Design-driven production company creates main-on-end title sequence for Marvel blockbuster using C4D software suite as a central content creation production tool in delivering 3D elements.
FRIEDRICHSDORF, GERMANY -- MAXON, a leading developer of professional 3D modeling, painting, animation and rendering solutions, has announced that design-driven production company Sarofsky relied on its celebrated Cinema 4D (C4D) software suite as a central content creation production tool in delivering the 3D elements in the main-on-end (MOE) title sequence in Marvel’s Captain America: Civil War.
Directed by Anthony and Joe Russo, Captain America: Civil War pits members of the Avengers team against one another due to political pressures, most notably between Captain America and Iron Man.
Under the direction of company Principal and Executive Creative Director Erin Sarofsky, together with Executive Producer Steven Anderson, Creative Director and Designer John Filipkowski, and other Sarofsky artists, the Chicago-based creative team worked directly with Marvel’s Captain America: Civil War VFX Supervisor Dan DeLeeuw and VFX Producer Jen Underdahl to create a fully composited and rendered two minute MOE title sequence that blends CG-based and photo-real elements.
Cinema 4D has been in use at Sarofsky for the past five years where it has steadily become a staple in the studio’s production pipeline. As a main 3D application on Captain America: Civil War, MAXON’s Cinema 4D R17 (R17) – the latest version of the software introduced last Fall – was used primarily for animation, asset creation and rendering multi passes for compositing. Previously, Sarofsky used Cinema 4D to provide MOE titles on several other Marvel feature films including Captain America: Winter Soldier that drew on the software for modeling and animating several scenes. The main-on-end titles for Marvel’s Ant-Man marked the first time the studio leveraged Cinema 4D as a primary 3D application tool.
“With over 30 credits in the title sequence and multiple artists working on each scene, the studio was challenged to come up with new creative techniques and approaches to create a dependable 3D workflow that would allow us to conceptualize and organize a large number of compositing passes, and maintain consistency in being able to complement the film’s narrative style with somber yet visually captivating photorealistic imagery,” said Sarofsky.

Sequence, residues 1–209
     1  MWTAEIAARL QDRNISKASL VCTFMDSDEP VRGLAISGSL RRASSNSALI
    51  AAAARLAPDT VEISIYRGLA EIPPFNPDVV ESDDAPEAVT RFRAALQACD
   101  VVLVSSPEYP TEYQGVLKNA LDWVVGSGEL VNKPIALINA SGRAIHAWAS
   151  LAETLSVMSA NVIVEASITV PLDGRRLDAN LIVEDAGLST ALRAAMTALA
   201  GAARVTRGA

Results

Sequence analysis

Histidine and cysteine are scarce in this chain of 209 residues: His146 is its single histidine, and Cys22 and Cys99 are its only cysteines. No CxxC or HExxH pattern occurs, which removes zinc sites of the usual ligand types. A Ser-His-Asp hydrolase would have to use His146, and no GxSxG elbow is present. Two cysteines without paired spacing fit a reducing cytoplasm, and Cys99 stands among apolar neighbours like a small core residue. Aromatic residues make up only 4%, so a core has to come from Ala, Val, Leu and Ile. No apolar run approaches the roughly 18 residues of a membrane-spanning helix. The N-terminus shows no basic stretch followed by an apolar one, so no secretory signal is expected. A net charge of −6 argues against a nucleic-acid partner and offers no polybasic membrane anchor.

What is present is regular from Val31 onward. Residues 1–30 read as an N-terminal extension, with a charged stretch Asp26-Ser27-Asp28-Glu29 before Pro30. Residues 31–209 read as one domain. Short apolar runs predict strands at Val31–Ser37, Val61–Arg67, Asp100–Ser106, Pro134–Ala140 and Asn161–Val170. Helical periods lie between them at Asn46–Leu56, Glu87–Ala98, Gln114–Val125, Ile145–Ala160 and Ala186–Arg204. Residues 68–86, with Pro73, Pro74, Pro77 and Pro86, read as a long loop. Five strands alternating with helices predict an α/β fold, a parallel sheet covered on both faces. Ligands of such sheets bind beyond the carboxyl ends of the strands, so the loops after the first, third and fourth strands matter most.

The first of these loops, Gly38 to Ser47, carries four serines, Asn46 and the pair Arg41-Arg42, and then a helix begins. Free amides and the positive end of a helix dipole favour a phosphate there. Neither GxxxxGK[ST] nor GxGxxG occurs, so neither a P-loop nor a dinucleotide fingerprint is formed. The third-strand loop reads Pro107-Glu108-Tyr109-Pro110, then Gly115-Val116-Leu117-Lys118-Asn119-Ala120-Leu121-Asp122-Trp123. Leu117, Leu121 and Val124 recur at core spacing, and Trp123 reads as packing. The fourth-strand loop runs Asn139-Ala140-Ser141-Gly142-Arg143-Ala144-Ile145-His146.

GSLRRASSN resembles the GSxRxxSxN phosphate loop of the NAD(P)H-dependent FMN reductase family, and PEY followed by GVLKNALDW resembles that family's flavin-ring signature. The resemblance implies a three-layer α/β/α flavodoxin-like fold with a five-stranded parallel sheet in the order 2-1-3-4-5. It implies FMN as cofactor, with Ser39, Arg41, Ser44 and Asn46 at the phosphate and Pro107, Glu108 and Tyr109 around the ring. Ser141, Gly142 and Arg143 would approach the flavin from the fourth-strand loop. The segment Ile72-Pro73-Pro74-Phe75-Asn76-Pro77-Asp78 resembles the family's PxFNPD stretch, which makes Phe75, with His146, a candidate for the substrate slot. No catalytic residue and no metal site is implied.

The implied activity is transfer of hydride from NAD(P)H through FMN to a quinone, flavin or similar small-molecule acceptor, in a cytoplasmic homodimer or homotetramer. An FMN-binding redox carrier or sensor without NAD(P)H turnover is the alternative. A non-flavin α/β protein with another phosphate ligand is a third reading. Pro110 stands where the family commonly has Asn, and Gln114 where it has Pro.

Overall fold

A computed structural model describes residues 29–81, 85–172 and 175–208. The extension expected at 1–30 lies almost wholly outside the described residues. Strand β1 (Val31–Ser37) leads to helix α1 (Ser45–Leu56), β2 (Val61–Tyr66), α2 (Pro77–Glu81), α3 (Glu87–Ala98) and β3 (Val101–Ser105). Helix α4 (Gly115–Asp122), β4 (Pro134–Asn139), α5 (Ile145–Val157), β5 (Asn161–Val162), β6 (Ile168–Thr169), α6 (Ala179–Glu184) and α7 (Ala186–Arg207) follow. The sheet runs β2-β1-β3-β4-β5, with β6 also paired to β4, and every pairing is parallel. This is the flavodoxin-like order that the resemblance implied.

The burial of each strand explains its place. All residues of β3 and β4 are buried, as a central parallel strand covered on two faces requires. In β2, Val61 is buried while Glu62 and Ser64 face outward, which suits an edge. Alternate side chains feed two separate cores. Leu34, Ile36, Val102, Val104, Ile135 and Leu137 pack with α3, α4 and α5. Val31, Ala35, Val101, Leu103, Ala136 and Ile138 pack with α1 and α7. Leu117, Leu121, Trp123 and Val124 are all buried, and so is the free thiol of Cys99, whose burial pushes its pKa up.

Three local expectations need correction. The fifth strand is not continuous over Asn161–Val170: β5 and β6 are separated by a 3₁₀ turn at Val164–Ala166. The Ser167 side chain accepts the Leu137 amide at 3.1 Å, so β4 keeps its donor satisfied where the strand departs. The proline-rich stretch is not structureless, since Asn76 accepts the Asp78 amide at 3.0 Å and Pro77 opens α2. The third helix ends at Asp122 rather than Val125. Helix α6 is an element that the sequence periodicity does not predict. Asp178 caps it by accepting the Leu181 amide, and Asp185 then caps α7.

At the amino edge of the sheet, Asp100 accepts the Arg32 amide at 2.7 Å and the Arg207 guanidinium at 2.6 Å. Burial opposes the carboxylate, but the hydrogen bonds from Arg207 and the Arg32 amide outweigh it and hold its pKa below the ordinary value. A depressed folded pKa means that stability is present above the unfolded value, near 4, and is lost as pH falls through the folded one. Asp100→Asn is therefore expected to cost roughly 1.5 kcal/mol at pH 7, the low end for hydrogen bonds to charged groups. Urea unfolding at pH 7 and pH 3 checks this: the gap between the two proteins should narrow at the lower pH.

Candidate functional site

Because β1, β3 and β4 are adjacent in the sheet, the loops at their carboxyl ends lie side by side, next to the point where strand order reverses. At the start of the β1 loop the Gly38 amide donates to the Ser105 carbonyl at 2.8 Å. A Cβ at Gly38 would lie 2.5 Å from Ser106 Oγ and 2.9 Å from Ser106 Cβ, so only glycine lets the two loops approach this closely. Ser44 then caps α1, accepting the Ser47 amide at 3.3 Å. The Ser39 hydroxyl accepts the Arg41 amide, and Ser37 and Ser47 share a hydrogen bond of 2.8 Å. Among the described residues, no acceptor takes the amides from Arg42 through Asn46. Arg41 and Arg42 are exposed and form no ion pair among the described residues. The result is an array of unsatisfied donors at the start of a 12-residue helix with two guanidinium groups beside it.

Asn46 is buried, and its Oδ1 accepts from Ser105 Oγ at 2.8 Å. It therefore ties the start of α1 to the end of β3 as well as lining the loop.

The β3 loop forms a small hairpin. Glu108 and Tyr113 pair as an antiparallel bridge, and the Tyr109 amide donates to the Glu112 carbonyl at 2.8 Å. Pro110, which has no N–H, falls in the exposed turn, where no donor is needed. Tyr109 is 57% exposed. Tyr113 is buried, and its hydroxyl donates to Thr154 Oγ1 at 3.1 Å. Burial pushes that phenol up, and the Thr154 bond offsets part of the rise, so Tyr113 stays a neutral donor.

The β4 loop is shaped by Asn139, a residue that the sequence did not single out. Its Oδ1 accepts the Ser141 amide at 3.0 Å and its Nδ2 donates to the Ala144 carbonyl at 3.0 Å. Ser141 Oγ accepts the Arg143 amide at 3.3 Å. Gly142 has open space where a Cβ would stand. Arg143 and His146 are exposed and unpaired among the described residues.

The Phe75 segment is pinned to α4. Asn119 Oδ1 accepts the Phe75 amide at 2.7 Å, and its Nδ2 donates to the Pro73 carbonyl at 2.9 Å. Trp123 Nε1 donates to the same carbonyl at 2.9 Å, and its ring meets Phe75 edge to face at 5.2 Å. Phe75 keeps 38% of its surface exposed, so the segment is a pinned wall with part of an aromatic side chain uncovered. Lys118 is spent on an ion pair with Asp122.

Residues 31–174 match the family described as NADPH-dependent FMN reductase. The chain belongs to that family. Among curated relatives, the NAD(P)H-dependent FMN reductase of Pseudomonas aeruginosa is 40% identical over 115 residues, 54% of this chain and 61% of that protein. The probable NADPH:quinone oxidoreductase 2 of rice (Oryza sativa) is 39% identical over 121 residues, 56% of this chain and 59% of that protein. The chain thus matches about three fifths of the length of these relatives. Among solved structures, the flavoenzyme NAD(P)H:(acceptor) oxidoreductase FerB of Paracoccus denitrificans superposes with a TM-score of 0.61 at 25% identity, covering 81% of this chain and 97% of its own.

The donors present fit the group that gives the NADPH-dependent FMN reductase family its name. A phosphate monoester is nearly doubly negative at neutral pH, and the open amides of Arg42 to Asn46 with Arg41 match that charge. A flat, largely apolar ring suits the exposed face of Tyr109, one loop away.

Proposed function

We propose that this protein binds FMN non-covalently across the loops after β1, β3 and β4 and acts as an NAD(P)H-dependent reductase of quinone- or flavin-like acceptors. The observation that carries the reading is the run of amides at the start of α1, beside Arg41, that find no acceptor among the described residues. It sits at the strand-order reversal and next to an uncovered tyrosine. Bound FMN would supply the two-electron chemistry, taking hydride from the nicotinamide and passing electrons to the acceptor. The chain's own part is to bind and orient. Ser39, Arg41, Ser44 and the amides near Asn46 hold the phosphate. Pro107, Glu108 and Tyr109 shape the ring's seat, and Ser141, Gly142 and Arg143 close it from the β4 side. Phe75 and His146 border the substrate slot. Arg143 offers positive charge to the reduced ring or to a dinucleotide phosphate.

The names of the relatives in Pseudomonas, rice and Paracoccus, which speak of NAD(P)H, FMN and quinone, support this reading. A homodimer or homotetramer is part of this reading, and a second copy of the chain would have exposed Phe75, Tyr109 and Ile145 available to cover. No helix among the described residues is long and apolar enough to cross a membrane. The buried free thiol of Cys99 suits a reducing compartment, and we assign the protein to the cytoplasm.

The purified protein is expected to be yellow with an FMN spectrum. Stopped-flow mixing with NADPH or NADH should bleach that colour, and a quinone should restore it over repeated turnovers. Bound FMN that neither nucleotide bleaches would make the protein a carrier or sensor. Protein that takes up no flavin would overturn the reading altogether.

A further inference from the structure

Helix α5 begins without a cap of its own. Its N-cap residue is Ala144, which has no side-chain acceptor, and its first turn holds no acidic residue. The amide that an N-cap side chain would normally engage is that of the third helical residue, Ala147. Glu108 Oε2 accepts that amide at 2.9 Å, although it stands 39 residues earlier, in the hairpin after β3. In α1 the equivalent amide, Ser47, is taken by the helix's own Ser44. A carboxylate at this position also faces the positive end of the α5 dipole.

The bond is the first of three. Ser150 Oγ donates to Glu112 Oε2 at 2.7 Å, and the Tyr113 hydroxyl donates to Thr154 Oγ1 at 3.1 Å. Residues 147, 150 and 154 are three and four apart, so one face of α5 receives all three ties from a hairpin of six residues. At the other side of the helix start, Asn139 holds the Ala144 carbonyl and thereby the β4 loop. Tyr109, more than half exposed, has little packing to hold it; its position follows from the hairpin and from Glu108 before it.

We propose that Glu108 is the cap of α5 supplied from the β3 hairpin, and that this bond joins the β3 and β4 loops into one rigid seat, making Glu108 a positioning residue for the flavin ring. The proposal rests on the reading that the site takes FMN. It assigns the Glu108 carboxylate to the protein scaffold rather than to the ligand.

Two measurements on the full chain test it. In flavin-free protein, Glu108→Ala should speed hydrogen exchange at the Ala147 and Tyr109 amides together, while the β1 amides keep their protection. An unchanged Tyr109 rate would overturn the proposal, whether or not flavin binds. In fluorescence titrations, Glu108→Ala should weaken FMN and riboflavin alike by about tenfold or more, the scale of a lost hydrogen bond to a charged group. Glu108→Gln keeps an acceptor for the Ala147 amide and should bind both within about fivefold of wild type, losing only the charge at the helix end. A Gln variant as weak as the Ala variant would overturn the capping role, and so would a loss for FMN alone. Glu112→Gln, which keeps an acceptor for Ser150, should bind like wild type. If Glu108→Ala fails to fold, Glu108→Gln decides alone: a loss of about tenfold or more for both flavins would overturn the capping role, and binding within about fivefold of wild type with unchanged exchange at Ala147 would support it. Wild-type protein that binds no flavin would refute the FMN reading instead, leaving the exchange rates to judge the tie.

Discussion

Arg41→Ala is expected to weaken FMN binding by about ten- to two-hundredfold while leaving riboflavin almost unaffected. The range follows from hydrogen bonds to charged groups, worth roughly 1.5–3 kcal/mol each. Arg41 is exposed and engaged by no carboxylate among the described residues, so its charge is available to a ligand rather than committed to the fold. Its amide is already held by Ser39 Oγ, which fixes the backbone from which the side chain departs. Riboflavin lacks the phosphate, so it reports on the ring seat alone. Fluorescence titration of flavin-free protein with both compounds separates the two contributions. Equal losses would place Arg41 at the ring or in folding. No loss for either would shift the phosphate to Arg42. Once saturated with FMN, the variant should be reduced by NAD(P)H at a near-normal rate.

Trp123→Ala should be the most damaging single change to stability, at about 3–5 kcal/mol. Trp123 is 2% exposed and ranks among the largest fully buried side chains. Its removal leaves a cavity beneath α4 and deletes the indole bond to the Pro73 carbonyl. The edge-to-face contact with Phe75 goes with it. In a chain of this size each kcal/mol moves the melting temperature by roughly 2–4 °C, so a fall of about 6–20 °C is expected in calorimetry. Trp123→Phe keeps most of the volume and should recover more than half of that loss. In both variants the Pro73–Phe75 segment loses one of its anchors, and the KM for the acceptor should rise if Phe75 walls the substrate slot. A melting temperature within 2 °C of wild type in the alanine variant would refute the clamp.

According to Filipkowski, Sarofsky leveraged various features within Cinema 4D, most notably the new Take System in R17 that provided the team maximum flexibility to create and switch between multiple versions of a scene all within one project and the powerful MoGraph toolset for intuitively animating objects.
“The Cinema 4D workflow is intuitive and has become a go-to program for many of our daily problem solving tasks,” Filipkowski began. “The Take System especially was a great way for us to separate render layers and various animated elements while staying flexible should any individual object pass need to be updated across the whole sequence. This saved us enormous amounts of time and enhanced the team’s ability to collaborate efficiently. Coupled with the versatility provided in the MoGraph effector modules to create complex animations quickly and easily without manual keyframing, we had an insane, streamlined workflow that allowed us to creatively handle this larger scale title project successfully and achieve deeper levels of photorealism.”
Captain America: Civil War was released in the US on May 6, 2016.